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On this day in history, April 26, 1777, British forces raid Danbury, Connecticut and destroy a large American supply depot. Western Connecticut was a staging ground for patriot activities against the British in New York. When former New York governor, William Tryon learned the Continental Congress had located a supply depot in Danbury, it gave him the perfect excuse for an attack into the region.
Danbury was strategically located about 20 miles from the Long Island Sound and about 35 miles east of the Hudson River, making it a perfect supply location for the Hudson River Valley, but sufficiently far inland to be safe from attack by sea. On April 22, Tryon left New York with about 1,800 soldiers on 16 ships. They landed between Norwalk and Fairfield, Connecticut on the 25th, in present day Westport. They camped for the night and resumed their march to Danbury in the morning.
As soon as the British were in site, word spread through the countryside that an invasion was under way. Locals began hiding valuables, dispersing their livestock into the woods and even hiding their young boys because Tryon was known for taking them as slaves to work in New York's "sugar houses." Local militia leaders began rounding up their troops and Generals David Wooster, Benedict Arnold and Gold Silliman took charge of repelling the invasion.
The supply depot in Danbury was guarded by Colonel Joseph Platt Cooke with about 150 men. Unfortunately, General Silliman instructed Cooke to send many of his men to Fairfield, believing the attack would come there. Others from Cooke's unit went west to the Hudson because Tryon had sent a diversionary fleet up the Hudson to confuse the rebels, leaving Cooke with only a small contingent to guard the supply depot.
On the evening of April 26, Tryon's force marched into Danbury and quickly drove off Col. Cooke's small force. During the night and the next morning, British soldiers got drunk on local rum, pillaged the town, burned down buildings and homes owned by “rebels” and destroyed a vast supply of the patriots' stores, including 5,000 barrels of pork, molasses, flour and beef, 2,000 bushels of rice, 1,600 tents and more than 5,000 pairs of shoes.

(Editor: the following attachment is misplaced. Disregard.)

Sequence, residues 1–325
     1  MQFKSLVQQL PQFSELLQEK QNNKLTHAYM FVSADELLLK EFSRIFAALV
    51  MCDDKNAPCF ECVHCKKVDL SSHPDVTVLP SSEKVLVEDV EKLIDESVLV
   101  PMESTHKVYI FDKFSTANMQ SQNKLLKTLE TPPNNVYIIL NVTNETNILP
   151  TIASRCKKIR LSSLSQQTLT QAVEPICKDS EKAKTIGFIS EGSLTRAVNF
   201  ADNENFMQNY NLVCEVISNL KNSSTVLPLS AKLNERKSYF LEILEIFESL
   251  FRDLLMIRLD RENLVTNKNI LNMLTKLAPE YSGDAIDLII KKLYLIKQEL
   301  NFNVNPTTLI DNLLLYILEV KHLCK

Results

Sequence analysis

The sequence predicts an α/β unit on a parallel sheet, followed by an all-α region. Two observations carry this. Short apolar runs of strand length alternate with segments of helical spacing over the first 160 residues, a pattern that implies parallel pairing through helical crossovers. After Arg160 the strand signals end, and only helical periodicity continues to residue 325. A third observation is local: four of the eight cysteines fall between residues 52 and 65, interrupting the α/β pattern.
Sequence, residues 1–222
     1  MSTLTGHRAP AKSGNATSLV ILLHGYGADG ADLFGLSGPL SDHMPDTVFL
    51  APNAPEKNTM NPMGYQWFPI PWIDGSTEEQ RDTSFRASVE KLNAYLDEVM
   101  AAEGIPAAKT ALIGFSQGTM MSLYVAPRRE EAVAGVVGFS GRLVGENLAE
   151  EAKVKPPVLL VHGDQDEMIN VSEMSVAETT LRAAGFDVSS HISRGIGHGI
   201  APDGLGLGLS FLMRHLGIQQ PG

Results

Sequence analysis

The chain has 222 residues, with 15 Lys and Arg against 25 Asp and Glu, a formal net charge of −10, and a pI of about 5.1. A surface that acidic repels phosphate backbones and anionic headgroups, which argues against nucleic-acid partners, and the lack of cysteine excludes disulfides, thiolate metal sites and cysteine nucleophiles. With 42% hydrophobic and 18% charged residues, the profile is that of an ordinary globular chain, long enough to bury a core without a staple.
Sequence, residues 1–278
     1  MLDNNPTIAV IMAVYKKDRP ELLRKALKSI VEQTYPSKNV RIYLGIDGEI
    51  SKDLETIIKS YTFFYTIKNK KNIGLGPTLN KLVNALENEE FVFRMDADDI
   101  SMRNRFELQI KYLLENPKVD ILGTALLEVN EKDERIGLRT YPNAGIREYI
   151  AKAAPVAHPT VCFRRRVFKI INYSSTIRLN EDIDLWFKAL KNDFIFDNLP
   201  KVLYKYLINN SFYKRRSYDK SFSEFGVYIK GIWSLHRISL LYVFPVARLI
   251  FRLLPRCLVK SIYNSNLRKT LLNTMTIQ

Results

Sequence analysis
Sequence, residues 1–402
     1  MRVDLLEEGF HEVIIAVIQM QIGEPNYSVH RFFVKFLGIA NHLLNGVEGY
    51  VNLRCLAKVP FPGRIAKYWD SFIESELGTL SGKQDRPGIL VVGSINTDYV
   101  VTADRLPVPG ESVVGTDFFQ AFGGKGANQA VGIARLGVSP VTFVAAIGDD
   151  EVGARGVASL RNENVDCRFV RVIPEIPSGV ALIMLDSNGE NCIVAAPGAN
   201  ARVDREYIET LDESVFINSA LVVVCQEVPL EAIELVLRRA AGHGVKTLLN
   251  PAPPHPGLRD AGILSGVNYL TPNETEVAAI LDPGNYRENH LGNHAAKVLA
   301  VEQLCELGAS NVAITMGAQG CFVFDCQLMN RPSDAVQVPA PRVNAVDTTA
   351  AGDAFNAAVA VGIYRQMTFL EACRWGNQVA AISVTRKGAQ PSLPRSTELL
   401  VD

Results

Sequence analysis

The next day, as they marched back to the coast, the British were harassed by the militia in the same fashion the British were chased back to Boston after the Battle of Concord. Many of the militia were from Dutchess County, New York and had been rallied by the Paul Revere-esque midnight ride of 16 year old Sybil Ludington. General Wooster was mortally wounded during these skirmishes. The major fight occurred at Ridgefield, where Benedict Arnold's men were scattered in a fight down the town's main street and Arnold himself was injured when his horse was shot from underneath him.
The British finally reached the coast to return to New York, but with a heavy cost of nearly 200 killed, captured or wounded. The Americans had only 20 killed and 40-80 wounded. The Raid on Danbury and the Battle of Ridgefield would be tactical British victories, but the fierceness of the American response would prevent the British from attempting such inland raids with a landing force by sea again. In addition, the British incursion into their territory turned the hearts of many in Connecticut squarely against the British. Within a short time after the raid, nearly 3,000 Connecticut men joined the Connecticut Army and served in numerous battles of the Revolution to come.